Regarding cannabis laws, the federal government regulates drugs through the Controlled Substances Act (CSA) (21 U.S.C. § 811). Unfortunately, this regulation does not recognize the difference between medical and recreational cannabis. In addition, the laws don’t differentiate between marijuana and hemp. Let us delve a little deeper into the differences between the various cannabis laws.
The Marijuana Extract Rule
In 2016, the Drug Enforcement Administration (DEA) enacted the marijuana extract rule. This rule classifies marijuana extracts as also being Schedule 1 drugs. The Marijuana Extract Rule also created a new code for them (7350). However, this code does appear to exempt extracts that are derived from lawfully grown industrial hemp. Furthermore, the rule seems to exempt extracts that are derived from parts of the cannabis plant that are not included in the CSA’s definition of marijuana. To clarify, the portions of the plant that this rule excludes are the mature stalks and seeds which are incapable of germination.
What body of law governs marijuana?
On August 29, 2013 the Department of Justice (DOJ) issued a guidance memo (known as the Cole Memo) to prosecutors concerning marijuana enforcement under the CSA. Interestingly, this memo made it clear that prosecuting medical marijuana cases should not be a priority. Most noteworthy, the memo included eight guidelines for prosecutors to use to determine whether something is a current “federal enforcement priority.”
These 8 guidelines include preventing the following:
- The distribution of marijuana to minors.
- Revenue from the sale of marijuana from going to criminal enterprises, gangs and cartels.
- The diversion of marijuana from states where it is legal under state law in some form to other states.
- State-authorized marijuana activity from being used as a cover or pretext for the trafficking of other illegal drugs or other illegal activity.
- Violence and the use of firearms in the cultivation and distribution of marijuana.
- Drugged driving and the exacerbation of other adverse public health consequences associated with marijuana use.
- The growing of marijuana on public lands and the attendant public safety and environmental dangers posed by marijuana production on public lands.
- Marijuana possession or use on federal property.
“The Cole Memo represented a significant shift in the federal government to de-prioritize the use of funds to enforce cannabis prohibition under the Controlled Substances Act towards a more laissez-faire, hands-off approach.” (Leafly.com)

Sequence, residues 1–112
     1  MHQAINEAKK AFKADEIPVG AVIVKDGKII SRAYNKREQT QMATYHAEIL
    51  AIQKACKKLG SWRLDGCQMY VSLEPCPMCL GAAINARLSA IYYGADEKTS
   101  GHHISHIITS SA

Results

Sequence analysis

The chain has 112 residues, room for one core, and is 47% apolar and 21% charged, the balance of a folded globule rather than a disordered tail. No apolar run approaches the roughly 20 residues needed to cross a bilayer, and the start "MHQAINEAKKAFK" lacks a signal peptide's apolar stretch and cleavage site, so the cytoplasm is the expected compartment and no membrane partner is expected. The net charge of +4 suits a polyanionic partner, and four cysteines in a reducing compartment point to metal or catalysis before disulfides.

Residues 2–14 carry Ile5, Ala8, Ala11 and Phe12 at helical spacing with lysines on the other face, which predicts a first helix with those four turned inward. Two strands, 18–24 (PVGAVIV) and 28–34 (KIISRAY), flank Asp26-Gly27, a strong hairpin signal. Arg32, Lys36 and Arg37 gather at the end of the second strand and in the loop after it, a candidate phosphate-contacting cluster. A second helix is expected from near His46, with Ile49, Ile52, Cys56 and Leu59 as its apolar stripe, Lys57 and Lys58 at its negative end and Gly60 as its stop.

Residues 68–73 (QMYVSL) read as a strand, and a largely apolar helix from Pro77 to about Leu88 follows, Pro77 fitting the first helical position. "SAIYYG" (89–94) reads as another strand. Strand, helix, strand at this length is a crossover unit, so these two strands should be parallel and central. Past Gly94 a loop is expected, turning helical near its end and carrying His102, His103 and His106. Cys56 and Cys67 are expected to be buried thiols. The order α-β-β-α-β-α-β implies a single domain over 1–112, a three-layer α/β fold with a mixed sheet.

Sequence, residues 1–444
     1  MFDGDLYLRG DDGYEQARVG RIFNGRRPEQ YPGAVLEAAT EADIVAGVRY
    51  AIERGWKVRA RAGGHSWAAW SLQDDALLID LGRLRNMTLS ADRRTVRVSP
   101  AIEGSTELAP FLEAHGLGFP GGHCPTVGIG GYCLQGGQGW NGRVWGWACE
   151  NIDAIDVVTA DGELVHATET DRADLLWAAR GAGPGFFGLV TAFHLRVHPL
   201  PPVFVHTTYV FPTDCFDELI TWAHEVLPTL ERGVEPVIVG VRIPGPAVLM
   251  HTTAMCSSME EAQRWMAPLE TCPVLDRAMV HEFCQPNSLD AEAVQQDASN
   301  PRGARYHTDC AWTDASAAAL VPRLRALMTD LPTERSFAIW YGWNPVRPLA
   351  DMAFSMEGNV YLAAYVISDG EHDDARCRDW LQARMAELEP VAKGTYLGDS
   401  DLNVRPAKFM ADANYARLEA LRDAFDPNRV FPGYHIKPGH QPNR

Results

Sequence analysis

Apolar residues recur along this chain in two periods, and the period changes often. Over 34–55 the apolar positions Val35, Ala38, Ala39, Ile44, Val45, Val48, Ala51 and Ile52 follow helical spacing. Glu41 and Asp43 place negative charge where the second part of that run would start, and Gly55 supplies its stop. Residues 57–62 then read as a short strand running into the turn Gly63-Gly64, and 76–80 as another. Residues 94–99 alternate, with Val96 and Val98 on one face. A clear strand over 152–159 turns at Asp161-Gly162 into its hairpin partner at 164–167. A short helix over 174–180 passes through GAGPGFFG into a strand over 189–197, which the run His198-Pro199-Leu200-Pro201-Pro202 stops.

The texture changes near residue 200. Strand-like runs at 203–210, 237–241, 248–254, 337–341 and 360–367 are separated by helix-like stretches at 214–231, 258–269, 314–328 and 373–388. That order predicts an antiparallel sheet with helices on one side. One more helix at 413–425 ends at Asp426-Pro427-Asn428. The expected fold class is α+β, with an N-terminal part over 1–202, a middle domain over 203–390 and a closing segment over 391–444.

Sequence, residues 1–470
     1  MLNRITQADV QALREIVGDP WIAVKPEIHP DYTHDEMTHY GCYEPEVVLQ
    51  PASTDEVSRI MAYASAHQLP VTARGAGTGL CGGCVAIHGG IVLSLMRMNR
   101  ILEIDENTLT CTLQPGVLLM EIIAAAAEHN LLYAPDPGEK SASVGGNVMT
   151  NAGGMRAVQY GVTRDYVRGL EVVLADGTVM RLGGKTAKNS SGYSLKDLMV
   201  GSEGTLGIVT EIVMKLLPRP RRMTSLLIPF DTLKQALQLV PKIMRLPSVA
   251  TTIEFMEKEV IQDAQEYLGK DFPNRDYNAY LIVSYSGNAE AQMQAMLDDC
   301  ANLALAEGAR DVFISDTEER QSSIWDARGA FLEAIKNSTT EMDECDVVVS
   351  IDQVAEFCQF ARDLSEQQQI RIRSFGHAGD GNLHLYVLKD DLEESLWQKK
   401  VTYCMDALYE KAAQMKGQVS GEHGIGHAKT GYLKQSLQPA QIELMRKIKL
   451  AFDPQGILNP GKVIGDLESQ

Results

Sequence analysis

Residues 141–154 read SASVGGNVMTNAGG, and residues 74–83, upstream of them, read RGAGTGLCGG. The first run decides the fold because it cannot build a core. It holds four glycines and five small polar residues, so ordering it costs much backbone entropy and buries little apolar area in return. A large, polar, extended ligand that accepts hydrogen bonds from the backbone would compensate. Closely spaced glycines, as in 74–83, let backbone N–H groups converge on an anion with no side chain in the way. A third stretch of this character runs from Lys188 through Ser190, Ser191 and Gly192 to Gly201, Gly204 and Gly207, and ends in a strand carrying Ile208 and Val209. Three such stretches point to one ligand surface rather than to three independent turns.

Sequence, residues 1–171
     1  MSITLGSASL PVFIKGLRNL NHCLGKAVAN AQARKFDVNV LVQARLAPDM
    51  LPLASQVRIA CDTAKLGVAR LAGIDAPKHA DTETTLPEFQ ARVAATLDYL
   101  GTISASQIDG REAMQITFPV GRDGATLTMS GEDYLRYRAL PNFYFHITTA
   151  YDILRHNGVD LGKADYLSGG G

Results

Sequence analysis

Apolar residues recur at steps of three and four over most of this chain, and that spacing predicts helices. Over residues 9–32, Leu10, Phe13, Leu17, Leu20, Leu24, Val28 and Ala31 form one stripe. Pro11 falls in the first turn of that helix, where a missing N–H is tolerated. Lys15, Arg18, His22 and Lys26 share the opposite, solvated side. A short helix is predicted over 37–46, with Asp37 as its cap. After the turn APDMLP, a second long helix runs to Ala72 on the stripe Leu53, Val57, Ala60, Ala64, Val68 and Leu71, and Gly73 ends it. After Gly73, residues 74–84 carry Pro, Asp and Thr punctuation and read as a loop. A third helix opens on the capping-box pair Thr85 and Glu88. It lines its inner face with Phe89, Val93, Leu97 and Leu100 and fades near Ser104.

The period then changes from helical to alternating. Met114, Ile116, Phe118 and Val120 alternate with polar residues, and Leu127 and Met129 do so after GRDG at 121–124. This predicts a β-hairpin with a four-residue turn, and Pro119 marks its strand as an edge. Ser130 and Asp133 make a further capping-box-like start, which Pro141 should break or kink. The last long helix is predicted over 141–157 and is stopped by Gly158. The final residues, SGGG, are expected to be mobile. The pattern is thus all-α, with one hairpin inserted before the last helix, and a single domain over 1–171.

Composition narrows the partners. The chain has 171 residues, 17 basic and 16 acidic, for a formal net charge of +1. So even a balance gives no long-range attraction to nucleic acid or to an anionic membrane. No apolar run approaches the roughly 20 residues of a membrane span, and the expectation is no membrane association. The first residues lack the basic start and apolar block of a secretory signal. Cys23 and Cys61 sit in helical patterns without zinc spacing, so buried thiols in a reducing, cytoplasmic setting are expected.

After the Cole Memo was instated, most federal prosecutions were stopped. That is, unless the persons involved met the above listed criteria.
What body of law governs hemp?
The cannabis laws governing hemp are contained within the 2014 Agricultural Act (aka The Farm Bill). First of all, this legislation allows for a differentiation between industrial hemp and marijuana. It defines that:
“The term ‘industrial hemp’ includes the plant Cannabis sativa L. and any part or derivative of such plant, including seeds of such plant, whether growing or not, that is used exclusively for industrial purposes (fiber and seed) with a tetrahydrocannabinols concentration of not more than 0.3 percent on a dry weight basis.” (National Institute of Food and Agriculture)
Furthermore, the Act spells out the main two criteria for growing industrial hemp. First, the hemp farming must be conducted in a state that has legalized the production of hemp. Secondly, “the researcher must either (a) be an institution of higher education or state department of agriculture or (b) grow the industrial hemp under the auspices of a state agricultural pilot program.”
Despite this Act, there is still confusion over hemp. The confusion lies in the Drug Enforcement Administration’s enforcement of laws that classify hemp and “marihuana” as one and the same.
Newly Proposed Legislation
Finally, on April 12, 2018 Senators Mitch McConnell (R-KY), Ron Wyden (D-OR), and Jeff Merkley (D-OR) introduced the Hemp Farming Act of 2018. This legislation — Senate Bill 2667 — would legalize hemp and have it removed from the list of controlled substances.
The Act defines “hemp” as:
“the plant Cannabis sativa L. and any part of that plant, including the seeds thereof and all derivatives, extracts, cannabinoids, isomers, acids, salts, and salts of isomers, whether growing or not, with a delta-0 [THC] concentration of not more than 0.3 percent on a dry weight basis.”
This definition sounds remarkably similar to the one in the 2014 Agricultural Act, doesn’t it?
Senator McConnell describes the details of this newly proposed legislation:
Furthermore, the new bipartisan legislation would eliminate confusion between hemp and marihuana once and for all. Finally, the legislation would recognize “in federal statute the difference between hemp and its illicit cousin.”
In conclusion, only time will tell how this “hemp movement” will progress. So, it will be interesting to see what positive changes will be brought to the CBD community.
Read more about the legalities of CBD.